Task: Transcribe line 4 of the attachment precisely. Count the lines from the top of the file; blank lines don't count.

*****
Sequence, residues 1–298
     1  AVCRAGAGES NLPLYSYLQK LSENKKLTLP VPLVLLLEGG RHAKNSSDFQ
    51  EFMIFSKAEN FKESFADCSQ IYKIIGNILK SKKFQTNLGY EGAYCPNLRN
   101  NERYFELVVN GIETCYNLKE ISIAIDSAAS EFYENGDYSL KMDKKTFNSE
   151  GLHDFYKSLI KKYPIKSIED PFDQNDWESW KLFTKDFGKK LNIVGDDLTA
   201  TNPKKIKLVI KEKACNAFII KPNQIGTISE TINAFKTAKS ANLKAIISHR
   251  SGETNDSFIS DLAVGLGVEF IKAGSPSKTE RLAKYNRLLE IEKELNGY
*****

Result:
   101  NERYFELVVN GIETCYNLKE ISIAIDSAAS EFYENGDYSL KMDKKTFNSE